Out of school activities are planned to offer a variety of activities to suit children with different interests.

Individuals are encouraged to take on responsibilities for the school. For example:

Playground friends

Worship leaders


Young sports leaders


Mutual Respect

Respect is one of our core values. The children understand that this is an expectation for everyone. Respect is key to the good relationships at St. Leonard’s that exist between adult:adult, adult:child and child:child. There is an emphasis on developing self-respect and respect for others.

Anti-Bullying is a focus each year, and is an ongoing focus within our PSHE curriculum. The school council present an assembly on this to the whole school.

Staff, Pupils and their families support a number of charities throughout the year through different activities organised in school. These include charities in our country and those overseas to develop a sense of global responsibility.

Good ‘sportsmanship’ through a variety of sporting activities helps children to develop an understanding of winning and losing.

Values Education also explores key themes such as generosity, compassion, trust, truthfulness and justice.

Our Jigsaw Charter promotes mutual respect, turntaking, listening and a right to privacy during PSHE lessons.  


Tolerance of those of Different Faiths and Beliefs

Our religious education curriculum follows the Emmanuel Project. This scheme of work provides children with a wide range of inspiring opportunities following a three step learning process of Engage, Enquire and Evaluate. Throughout their time at St Leonard's Lower our children will explore many religions and increase their awareness of Christianity, Judaism, Islam and Sikhism.

All members of teaching staff are trained in RE teaching, and 2 members of the teaching team have undertaken a Teach RE distance learning course to further their knowledge and understanding in this area.

As a Church school our collective worship is based on Christianity, however our school values are upheld by all major world religions and good citizenship. Non Christians are free to opt out of collective worship, nativity plays etc.

Our vicar leads collective worship once a week, however we do invite incumbents from other Churches and the Salvation Army to lead our Collective worship also. Class assemblies celebrate festivals from other world religions and cultures eg. Chinese New Year, Diwali, Hannukah. Parents/friends of other faiths and cultures are invited into school to share their experiences and beliefs.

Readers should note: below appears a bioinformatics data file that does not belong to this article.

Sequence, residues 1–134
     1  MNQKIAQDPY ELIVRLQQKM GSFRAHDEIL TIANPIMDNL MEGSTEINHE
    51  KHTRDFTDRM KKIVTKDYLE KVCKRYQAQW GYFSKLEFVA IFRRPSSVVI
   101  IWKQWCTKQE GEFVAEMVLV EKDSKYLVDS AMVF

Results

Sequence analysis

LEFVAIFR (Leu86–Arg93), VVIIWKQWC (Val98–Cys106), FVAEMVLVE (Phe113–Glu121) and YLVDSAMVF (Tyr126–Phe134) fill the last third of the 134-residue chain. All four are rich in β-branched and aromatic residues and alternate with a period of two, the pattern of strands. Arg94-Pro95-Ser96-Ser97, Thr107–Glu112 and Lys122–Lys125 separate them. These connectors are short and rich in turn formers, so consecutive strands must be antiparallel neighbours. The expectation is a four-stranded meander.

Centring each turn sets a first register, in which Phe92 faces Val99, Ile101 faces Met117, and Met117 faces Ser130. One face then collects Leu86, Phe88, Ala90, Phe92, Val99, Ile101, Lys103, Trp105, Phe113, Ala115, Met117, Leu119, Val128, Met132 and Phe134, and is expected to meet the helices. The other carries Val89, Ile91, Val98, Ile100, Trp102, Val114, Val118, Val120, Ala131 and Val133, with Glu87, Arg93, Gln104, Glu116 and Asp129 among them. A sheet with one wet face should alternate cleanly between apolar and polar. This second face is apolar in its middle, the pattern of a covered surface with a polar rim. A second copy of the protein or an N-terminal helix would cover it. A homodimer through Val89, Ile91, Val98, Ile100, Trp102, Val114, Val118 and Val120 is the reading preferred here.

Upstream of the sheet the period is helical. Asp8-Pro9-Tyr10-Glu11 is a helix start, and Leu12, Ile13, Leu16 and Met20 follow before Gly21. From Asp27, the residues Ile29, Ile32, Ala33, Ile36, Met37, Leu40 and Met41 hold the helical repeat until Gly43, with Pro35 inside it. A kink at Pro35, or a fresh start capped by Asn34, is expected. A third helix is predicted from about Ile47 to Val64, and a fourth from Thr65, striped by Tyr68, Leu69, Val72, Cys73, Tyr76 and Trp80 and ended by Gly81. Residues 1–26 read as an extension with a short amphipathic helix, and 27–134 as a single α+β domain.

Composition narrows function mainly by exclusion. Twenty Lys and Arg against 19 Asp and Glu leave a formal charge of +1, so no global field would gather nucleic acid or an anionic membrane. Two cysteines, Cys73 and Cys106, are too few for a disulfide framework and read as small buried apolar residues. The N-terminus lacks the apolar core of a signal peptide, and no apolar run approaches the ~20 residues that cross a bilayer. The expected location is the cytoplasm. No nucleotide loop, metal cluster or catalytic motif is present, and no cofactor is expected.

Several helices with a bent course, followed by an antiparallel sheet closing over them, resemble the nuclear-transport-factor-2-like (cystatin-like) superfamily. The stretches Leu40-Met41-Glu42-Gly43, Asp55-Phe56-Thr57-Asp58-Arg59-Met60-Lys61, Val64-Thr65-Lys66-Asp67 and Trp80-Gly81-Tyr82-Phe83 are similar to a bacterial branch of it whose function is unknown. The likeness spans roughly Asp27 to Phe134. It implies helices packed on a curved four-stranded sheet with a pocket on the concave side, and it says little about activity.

Our key stage 2 children go on a faith tour in Queens Park in Bedford where they get to visit a Gurdwara, a Mosque and a Church. Whilst there they have to respect the wishes of the other faiths eg. covering their head, taking off their shoes, washing their hands. They listen to the different faith leaders talk about the different places of worship.


Christian Values


Christian values are an integral part of our ethos and school life. They permeate the curriculum, our behaviour policy and are an important part of collective worship too.


Values are principles that drive behaviour. They influence our actions and attitudes, and become our framework for living. They influence our relationship with ourselves and others.

Like riding a bike, values are learned through a combination of practise and instruction.

Pupils at St Leonard's learn what Christian values are, how to recognise them, and how people react to them, equipping them with invaluable social relationship skills that last throughout their lives.
A positive learning environment is achieved as staff and children model these values through-out the school.


Parents are actively encouraged to support the childrens' own values development, creating the role models of the future that we desire them to be. We send home an information sheet on each value every half term with ideas, activities and stories to share within the family setting.


We focus on a new Value each half term.

Our Values run on a two year cycle.